New JVS Director, Philosophy for students, More Money, AMEB problems, Literacy Drive, The Fazioli….
Dr Robert Curry reiterated how important aural skills are for the jazz player. Listening and responding musically are the foundation for jazz improvisation. The school works with students to build these skills in the small ensembles program, and through the choral program.
Robert was pleased to announce that the school has received a bequest of $5,000 from Sheila Margaret L. Jones to foster jazz studies at the school. Sheila left this money to an ex-student, who in turn left it to the school.
Liz Scott who runs the Junior Vocal Stream at the school has gone on maternity leave, and we all wish her well. In her absence she will be replaced by Liz Vierboom, an outstanding and enthusiastic educator, who is herself an ex Con High student. Liz majored in violin and pipe organ at the Conservatorium, then, inspired by Richard Gill, moved into vocal repertoire and choral conducting. She has a long association with Gondwana Voices / Sydney Children’s Choirs, and has also taught at Barker College and Abbotsleigh.
David Owens is now teaching Philosophy as an extra-curricular subject. There has been a strong response from the students which is pleasing.
The school has received a record number of applications this year, and the standard of the applicants is rising, which is good for the school. There will be a strong cohort coming into Year 7 in 2014.
There have been major changes in the Department of Education, which means more money for the school. The school principals now have more control of the school budget, and Robert is optimistic about the benefits this will have, irregardless of the outcome of the recent Federal Election. Online financial facilities are about to be introduced.
Robert is dismayed by the large numbers of students who miss school to attend the AMEB examinations. At a musical school like ours the AMEB exams create rolling absences over the period of a few weeks a couple of times a year. This is very disruptive to the teaching program at CHS and causes a lot of upset amongst the staff.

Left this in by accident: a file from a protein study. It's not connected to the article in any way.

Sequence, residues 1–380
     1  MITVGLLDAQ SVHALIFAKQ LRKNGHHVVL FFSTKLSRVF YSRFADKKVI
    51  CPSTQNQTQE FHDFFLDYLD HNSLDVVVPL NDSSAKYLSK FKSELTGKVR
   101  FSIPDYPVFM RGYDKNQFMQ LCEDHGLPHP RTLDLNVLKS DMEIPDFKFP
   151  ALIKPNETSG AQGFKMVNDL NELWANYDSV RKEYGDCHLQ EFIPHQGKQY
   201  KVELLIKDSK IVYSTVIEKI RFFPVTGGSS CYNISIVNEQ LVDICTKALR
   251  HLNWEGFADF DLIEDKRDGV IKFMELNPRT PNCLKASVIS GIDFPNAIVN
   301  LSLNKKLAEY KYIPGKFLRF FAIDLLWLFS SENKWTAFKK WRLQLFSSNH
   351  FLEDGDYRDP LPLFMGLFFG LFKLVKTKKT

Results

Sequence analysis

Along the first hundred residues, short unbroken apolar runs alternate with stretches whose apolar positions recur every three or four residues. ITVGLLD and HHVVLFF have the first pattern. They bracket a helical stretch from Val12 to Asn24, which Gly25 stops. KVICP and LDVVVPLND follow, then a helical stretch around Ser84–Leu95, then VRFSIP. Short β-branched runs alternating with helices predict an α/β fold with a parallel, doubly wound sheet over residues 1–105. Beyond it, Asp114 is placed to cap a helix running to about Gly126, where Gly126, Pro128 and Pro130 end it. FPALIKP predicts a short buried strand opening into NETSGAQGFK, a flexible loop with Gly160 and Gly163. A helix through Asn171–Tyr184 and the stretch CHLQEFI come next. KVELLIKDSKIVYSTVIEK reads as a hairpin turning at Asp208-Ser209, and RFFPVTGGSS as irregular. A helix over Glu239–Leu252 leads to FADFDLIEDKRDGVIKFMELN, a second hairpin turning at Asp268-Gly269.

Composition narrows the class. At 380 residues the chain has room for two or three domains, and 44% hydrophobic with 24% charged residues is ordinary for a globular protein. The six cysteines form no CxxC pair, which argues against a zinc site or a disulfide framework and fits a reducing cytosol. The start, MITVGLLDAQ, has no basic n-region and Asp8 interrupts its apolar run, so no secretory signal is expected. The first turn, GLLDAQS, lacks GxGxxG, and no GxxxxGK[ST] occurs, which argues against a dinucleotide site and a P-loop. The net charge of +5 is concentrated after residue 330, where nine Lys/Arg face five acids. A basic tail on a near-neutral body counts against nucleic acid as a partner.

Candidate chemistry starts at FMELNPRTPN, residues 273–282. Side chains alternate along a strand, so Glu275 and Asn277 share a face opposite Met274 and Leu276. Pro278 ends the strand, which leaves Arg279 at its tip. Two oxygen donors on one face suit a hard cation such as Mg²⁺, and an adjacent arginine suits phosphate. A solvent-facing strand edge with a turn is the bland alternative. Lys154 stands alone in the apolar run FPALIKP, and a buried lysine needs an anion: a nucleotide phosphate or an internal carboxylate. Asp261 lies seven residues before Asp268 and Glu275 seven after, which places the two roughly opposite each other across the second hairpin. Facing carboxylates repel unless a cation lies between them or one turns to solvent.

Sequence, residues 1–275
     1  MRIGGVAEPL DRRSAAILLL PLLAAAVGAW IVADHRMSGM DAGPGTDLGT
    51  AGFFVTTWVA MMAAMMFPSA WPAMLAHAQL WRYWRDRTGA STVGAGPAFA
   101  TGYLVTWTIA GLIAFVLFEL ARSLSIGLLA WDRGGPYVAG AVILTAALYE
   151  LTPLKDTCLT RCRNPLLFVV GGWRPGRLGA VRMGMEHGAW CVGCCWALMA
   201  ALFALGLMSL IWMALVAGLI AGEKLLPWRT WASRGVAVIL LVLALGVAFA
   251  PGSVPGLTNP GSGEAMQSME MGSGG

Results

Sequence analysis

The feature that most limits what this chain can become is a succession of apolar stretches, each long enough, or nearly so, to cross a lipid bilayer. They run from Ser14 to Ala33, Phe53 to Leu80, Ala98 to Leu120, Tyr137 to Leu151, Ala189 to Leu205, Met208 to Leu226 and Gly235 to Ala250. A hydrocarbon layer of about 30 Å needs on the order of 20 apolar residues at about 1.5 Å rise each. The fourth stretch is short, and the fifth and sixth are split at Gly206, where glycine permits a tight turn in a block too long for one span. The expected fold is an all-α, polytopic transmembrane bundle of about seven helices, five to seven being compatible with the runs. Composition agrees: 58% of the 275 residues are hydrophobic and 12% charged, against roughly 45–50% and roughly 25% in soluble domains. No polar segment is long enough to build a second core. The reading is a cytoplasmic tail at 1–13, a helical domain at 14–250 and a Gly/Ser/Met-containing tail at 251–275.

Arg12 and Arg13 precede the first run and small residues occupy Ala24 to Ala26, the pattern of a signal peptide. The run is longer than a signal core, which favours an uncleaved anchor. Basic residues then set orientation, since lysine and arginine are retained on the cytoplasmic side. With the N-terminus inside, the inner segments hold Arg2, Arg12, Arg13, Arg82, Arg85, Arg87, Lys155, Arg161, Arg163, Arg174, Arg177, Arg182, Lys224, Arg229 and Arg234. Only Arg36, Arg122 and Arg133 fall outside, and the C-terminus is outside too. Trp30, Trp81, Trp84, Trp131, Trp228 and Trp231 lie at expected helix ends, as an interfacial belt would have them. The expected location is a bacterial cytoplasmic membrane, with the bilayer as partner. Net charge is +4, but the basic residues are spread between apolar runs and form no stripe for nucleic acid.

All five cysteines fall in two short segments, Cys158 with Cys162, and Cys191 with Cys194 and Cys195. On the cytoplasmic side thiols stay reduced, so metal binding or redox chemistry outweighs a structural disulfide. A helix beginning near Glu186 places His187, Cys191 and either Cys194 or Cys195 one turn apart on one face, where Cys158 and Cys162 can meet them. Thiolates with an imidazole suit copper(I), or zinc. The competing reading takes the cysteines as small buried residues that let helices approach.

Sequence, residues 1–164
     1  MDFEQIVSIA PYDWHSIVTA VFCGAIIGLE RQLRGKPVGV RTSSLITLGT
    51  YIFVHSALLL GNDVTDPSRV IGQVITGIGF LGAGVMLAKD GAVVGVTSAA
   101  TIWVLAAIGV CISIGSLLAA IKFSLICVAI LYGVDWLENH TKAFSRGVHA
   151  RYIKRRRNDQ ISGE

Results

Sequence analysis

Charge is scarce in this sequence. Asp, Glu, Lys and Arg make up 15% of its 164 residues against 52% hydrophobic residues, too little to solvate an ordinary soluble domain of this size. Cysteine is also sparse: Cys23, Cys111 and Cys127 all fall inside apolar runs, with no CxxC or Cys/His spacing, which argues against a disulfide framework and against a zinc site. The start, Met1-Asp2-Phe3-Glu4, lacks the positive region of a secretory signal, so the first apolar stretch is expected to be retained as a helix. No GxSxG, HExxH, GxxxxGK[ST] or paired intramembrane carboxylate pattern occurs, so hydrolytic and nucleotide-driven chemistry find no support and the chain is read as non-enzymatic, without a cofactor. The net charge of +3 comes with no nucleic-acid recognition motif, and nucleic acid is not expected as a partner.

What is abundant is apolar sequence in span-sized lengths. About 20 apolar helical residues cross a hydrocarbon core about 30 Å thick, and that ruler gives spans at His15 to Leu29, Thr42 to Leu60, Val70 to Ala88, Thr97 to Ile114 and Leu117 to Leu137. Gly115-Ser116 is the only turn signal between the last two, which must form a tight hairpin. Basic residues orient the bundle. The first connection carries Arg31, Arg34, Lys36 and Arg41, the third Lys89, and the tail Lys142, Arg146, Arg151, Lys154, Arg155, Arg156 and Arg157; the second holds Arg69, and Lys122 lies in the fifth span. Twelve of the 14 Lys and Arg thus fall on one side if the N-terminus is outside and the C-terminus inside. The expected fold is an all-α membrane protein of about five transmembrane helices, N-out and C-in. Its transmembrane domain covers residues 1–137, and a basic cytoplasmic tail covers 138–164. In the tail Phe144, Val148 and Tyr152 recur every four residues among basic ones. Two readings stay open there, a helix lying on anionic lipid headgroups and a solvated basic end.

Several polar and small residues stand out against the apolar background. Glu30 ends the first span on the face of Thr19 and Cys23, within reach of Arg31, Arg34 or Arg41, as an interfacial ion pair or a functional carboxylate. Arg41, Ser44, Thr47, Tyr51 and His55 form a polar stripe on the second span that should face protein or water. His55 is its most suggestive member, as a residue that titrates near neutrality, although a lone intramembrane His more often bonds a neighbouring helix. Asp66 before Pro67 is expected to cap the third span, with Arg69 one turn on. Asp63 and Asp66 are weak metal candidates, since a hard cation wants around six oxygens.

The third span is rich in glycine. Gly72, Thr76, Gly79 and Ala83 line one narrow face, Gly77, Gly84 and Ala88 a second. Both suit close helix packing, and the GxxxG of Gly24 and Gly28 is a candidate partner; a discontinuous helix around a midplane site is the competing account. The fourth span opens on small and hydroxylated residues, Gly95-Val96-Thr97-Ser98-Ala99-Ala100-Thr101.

Dr Curry points out that the AMEB is a private corporation and their program of tuition and music exams conflicts in many ways with the music and education programs at the school. The instrumental tutors are often frustrated in their cultivation of our students as the AMEB diverts students from working on material that is far more appropriate to their individual needs. Robert urges parents who feel that the AMEB offers something more than the school can provide to come and speak to him so he can amend the school program if something is found to be lacking.
Literacy is a problem for many of our students, as it is for secondary and tertiary students across the country. This is a huge disadvantage when sitting the HSC. Our students are smart and committed, but if they can’t articulate their thoughts and make their arguments clearly on paper, they will not get the marks that reflect their abilities. Many students at the Con speak English as a second language. Theoretically, speaking two languages is a huge advantage, as speakers will intuitively understand more about grammar and sentence construction. However, these students need to speak English with adults as much as possible to fully develop their abilities. Children are at a disadvantage if they mostly speak English with their peers, who use a more limited and informal vocabulary. Parents need to support their children’s literacy by speaking English at home. It is crucial for all students to read widely on a daily basis so as to improve their literacy and fluency with writing.
Exciting news… the Fazioli grand piano has arrived at the school and everybody agrees it is the best piano in the building. It is a beautiful beautiful concert instrument, of huge benefit to the many talented pianists at the school. The cello and the double bass which will be purchased from P&C funds has been ordered.